mother to transmit her nationality to her children. Her delegation would therefore
like the paragraph to be drafted more clearly.
E/CN.6/SR.640 page 3
7. Mrs. ATHANASAKOS (United States of America) said she supported paragraph 1, hut was opposed to paragraph 2 which granted special treatment to women and which dealt with an immigration problem rather than discrimination against women. She therefore proposed the complete deletion of paragraph 2, namely, both the original and alternative texts, The two paragraphs of the alternative text were admittedly based on the Convention on the Nationality of Married Women, but the United States had amended and broadened its. immigration legislation and those two paragraphs would create difficulties for it.
8. Miss GONZALEZ MARTINEZ (Mexico) recalled that her delegation supported paragraph 1 of article 9 and the wording of the alternative text of paragraph 2 of that article (see E/CN.6/SR.638). It was also in favour of paragraph 3 of the alternative text, which was in line with the legislative reform carried out by Mexico on- the subject.
9. Mrs. CARLS SON (Sweden) said she could accept paragraph 1 of article 9 and, for paragraph 2, the wording of the alternative text. with regard to paragraph 3 of the alternative text, the question was currently under study in Sweden and in the Council of Europe, and her delegation would be unable to reach a decision until the outcome of those deliberations was known; it therefore proposed the deletion of that paragraph.
10. Begum FARIDI (Pakistan) said she supported the original text of article 9...
11. Miss DEVAUD (France) said she accepted paragraph 1 of article 9, which tallied perfectly with the provisions of French law, but could" not agree to the present wording of paragraph 2. Indeed, although the request for acquisition of nationality mentioned in that paragraph was in general almost automatically granted by the French Government, it could be refused in certain cases, as where the alien was the subject of an expulsion order or had been convicted of certain crimes; those two cases were not covered by the phrase "in the interests of national security or public policy". Her delegation would therefore have to enter reservations concerning that paragraph unless the phrase in question was modified to read:' "the grant of such nationality shall be subject to limitations as may be imposed in the interests of national security, public policy or certain provisions of a penal or administrative nature taken in respect of the applicant".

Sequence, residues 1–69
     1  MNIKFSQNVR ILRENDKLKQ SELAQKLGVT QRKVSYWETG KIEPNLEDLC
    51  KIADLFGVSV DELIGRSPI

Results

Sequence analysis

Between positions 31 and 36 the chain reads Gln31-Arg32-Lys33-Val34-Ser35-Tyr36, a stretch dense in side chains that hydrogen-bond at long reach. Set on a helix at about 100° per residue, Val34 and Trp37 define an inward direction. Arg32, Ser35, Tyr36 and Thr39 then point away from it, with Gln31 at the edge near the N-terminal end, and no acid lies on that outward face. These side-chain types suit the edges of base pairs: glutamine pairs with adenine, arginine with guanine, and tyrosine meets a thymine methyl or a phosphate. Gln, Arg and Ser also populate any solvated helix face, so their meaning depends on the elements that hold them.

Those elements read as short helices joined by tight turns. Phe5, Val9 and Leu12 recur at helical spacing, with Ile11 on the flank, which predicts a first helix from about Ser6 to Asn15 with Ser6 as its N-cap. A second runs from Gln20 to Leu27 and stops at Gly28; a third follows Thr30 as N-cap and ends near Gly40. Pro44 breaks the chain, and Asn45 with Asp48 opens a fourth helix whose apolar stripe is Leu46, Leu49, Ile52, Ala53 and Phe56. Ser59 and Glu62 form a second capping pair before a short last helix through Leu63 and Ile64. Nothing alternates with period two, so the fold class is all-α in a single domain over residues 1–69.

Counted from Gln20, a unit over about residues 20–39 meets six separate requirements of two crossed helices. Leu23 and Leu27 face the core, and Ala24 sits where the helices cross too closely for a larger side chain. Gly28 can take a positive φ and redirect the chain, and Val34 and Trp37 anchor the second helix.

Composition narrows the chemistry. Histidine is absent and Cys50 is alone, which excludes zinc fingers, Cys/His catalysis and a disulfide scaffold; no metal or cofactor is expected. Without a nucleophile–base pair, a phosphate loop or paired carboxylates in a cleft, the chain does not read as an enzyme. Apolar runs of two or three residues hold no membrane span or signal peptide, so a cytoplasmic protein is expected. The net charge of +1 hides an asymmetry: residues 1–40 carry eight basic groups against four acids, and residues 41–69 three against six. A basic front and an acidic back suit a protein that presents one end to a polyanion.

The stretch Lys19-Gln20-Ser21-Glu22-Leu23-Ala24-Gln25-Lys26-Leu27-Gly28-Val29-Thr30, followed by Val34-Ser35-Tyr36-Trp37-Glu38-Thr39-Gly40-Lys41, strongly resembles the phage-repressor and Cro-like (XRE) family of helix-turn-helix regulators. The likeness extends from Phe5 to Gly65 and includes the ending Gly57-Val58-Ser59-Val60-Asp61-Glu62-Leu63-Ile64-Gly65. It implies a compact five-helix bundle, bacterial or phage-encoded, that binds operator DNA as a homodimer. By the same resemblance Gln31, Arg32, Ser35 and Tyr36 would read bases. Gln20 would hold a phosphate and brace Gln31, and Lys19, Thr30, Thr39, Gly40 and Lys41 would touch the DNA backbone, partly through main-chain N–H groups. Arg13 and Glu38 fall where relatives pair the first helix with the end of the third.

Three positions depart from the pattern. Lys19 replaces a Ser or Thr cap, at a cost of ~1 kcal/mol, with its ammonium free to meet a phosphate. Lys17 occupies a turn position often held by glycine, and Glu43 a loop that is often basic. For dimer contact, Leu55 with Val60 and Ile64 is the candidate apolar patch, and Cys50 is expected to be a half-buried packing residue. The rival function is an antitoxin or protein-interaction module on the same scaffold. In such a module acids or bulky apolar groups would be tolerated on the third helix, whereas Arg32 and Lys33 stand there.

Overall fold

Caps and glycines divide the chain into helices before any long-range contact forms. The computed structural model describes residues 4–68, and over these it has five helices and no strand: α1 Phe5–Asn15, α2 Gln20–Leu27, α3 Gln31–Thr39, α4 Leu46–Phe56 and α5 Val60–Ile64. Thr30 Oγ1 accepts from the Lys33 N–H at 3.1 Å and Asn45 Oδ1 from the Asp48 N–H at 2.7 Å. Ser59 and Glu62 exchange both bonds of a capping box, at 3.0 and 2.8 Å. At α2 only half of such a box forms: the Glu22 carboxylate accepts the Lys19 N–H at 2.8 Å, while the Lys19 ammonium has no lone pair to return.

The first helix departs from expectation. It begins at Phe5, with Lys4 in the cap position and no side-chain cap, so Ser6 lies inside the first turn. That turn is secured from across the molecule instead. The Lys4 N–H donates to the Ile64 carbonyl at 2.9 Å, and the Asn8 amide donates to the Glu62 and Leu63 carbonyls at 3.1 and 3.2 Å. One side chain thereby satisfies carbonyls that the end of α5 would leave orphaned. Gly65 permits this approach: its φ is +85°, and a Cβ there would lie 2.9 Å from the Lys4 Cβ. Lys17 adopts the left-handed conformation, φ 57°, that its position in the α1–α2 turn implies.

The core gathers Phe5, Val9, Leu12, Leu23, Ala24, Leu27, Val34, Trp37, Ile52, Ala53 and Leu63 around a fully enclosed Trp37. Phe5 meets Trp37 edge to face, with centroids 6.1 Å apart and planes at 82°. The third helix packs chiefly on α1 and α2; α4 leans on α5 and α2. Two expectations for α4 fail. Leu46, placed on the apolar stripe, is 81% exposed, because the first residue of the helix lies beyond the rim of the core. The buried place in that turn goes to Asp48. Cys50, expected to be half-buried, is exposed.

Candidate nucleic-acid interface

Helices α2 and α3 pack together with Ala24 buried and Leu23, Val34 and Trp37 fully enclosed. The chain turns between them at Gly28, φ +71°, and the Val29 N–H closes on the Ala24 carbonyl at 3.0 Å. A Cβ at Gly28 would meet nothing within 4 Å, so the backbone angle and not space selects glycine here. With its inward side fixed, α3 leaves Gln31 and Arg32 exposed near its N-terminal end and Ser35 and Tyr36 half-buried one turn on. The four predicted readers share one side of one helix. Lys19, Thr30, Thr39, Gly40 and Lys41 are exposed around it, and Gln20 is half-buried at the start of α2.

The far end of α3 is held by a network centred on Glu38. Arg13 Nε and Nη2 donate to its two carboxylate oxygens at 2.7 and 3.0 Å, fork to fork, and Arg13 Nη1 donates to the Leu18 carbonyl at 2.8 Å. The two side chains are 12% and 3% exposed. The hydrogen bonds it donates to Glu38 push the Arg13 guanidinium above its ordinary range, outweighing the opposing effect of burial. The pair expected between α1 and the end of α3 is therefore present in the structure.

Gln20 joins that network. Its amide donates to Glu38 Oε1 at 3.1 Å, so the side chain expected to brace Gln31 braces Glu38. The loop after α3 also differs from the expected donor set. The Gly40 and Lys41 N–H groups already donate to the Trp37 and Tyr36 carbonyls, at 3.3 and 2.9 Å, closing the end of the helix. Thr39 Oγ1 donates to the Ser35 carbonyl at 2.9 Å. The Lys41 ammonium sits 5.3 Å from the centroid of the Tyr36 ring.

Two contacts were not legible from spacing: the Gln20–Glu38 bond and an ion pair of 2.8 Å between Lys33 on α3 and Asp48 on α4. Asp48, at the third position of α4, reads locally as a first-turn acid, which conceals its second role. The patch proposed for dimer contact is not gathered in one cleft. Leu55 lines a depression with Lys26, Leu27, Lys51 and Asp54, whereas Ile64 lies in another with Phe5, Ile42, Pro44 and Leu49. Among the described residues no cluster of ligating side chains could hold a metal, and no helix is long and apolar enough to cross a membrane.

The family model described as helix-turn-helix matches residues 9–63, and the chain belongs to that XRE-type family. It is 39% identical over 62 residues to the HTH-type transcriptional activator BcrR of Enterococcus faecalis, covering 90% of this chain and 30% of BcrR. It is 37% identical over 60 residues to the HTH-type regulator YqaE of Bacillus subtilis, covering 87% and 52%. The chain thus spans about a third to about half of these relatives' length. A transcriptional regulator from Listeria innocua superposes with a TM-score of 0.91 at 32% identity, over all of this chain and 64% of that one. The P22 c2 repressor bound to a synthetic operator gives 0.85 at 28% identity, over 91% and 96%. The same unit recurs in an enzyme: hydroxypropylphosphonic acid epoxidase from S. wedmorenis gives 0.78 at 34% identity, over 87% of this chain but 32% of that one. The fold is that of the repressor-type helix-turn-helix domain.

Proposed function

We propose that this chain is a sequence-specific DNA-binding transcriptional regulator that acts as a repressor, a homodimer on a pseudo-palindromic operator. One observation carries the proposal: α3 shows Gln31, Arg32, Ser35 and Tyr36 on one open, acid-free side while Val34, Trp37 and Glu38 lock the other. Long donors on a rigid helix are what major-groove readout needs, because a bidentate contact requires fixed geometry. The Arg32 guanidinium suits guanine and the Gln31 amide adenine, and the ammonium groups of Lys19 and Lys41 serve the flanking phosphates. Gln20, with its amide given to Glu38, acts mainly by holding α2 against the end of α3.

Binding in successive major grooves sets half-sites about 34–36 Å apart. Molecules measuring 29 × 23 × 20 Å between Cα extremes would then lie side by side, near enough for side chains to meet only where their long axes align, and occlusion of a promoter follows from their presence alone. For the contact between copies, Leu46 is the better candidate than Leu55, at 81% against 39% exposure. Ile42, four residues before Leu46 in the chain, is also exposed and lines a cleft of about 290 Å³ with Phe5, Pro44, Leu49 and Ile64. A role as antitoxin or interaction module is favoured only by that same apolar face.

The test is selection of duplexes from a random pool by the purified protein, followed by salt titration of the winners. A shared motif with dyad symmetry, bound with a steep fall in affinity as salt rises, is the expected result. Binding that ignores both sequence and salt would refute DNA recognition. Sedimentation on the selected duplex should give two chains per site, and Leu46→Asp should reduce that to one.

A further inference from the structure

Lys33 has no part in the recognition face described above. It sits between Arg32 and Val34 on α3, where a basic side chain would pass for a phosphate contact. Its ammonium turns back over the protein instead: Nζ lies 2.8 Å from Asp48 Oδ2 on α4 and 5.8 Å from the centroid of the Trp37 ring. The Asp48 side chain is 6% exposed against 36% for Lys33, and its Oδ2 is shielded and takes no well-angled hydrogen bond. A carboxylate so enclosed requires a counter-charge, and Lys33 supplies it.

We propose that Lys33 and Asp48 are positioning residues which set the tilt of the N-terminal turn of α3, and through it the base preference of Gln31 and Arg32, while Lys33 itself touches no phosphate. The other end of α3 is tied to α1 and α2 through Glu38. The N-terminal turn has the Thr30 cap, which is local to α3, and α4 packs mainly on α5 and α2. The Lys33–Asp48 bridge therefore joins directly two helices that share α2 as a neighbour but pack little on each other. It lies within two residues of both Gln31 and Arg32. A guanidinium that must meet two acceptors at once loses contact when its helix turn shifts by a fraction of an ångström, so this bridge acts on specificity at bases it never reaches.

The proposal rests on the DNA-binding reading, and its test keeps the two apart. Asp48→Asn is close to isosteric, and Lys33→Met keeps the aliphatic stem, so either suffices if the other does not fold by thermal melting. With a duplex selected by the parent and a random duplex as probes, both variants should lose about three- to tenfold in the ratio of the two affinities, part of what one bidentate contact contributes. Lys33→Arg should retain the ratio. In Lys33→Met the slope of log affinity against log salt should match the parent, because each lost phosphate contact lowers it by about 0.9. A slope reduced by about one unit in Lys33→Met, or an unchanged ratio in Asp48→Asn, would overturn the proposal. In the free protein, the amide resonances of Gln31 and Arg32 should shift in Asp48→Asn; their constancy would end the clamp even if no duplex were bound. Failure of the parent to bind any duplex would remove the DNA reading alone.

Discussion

12. Mrs. MAKA (Guinea) said she was unable to take a position on article 9, as the question of the right of nationality was currently the subject of reforms in Guinea.
13. Mrs. VENEZI-COSMETATOS (Greece) said that she could accept paragraphs 1 and 2 of the original text of article 9. which was in conformity with Greek law, but not paragraph 3 of the alternative text.
E/CN.6/SR. 640 page 4
14. Miss TYABJI (India) said that paragraphs 1 and 2 of the original text of ' article 9 and paragraph 2 (b) of the alternative text were acceptable; however she was opposed to paragraphs 2 (a) and 3 of the alternative text.
15. The CHAIRMAN said it was her understanding that paragraph 1 of the original text of article 9, as amended by Belgium and Canada, met with general approval. If there was no objection, she would take it that the paragraph was approved by consensus.
16. It was so decided.